The port of Rafína has fast ferries and catamarans to the Cyclades, as well as to nearby Évvia. Many Athenians have summer homes overlooking the attractive, rocky coast, but the beaches are tricky to reach even with a car, so for visitors the chief attraction, ferries aside, is gastronomic. Overlooking the harbour is a line of excellent seafood restaurants, many with roof terraces and a ringside view of the comings and goings at the harbour. They’re interspersed with cafés and fishmongers. The pedestrianized square above the harbour is also a lively place, ringed with cafés and rather cheaper eating options. A lunchtime outing is an easy operation, given the frequency of the bus service. Evenings, when it’s livelier, you’ll need to get a taxi back, or stay.
The site of the battle of Marathon, the most famous and arguably most important military victory in Athenian history, is not far from the village of MARATHÓNAS, 42km from Athens. Here, in 490 BC, a force of 9000 Athenians and 1000 of their Plataian allies defeated a 25,000-strong Persian army. After the victory a runner was sent to Athens to declare the news: having run the first marathon, he delivered his message and dropped dead. Just 192 Athenians died in the battle (compared to some 6,000 Persians), and the burial mound where they were laid, the Týmfos Marathóna (Tues–Sun 8.30am–3pm; €3), can still be seen, off the main road between Rafína and Marathónas. It is a quietly impressive monument, though surrounded now by one-way roads installed for the Olympic marathon race. The Mound of the Plataians (Tues–Sun 8.30am–3pm; €3), where the eleven Plataians (including a 10-year-old boy) who died were laid to rest, is about 5km away, near the edge of the mountain; there’s also a small, modern archeological museum here.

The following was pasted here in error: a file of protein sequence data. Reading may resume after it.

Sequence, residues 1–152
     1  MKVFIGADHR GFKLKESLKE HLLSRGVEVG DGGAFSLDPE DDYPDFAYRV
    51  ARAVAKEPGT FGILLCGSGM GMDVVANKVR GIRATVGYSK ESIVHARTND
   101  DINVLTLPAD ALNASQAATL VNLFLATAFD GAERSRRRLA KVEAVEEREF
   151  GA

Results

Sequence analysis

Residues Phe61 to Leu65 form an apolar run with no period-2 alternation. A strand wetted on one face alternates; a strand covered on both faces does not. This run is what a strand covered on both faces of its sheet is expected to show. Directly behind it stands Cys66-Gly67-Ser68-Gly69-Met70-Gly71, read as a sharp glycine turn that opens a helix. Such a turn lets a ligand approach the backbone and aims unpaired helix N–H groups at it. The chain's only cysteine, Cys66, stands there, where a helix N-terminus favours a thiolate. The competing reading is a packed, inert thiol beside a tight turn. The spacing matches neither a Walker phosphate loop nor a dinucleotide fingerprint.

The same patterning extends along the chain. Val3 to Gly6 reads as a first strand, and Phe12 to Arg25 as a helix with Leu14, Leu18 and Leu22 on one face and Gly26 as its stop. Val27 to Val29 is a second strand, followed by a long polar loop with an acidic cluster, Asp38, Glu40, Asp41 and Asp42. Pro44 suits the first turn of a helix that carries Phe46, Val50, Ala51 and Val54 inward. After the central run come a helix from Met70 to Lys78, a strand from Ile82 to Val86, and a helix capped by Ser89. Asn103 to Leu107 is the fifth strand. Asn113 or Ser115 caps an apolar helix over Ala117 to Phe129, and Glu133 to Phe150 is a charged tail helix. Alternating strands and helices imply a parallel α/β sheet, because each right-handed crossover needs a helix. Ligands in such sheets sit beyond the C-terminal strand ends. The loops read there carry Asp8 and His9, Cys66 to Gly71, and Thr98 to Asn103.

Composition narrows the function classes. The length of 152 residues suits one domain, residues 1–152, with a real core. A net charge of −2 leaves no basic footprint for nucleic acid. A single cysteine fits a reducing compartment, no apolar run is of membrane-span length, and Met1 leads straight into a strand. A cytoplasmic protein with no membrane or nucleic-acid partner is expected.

ÁYIOS PANDELÍMONAS, also known as Paralía Marathónas, lies straight on past the Týmfos Marathóna. The beach isn’t the greatest – though there’s plenty of room to spread out – but a string of waterfront fish tavernas and an open-air movie theatre ensure plenty of local visitors in summer.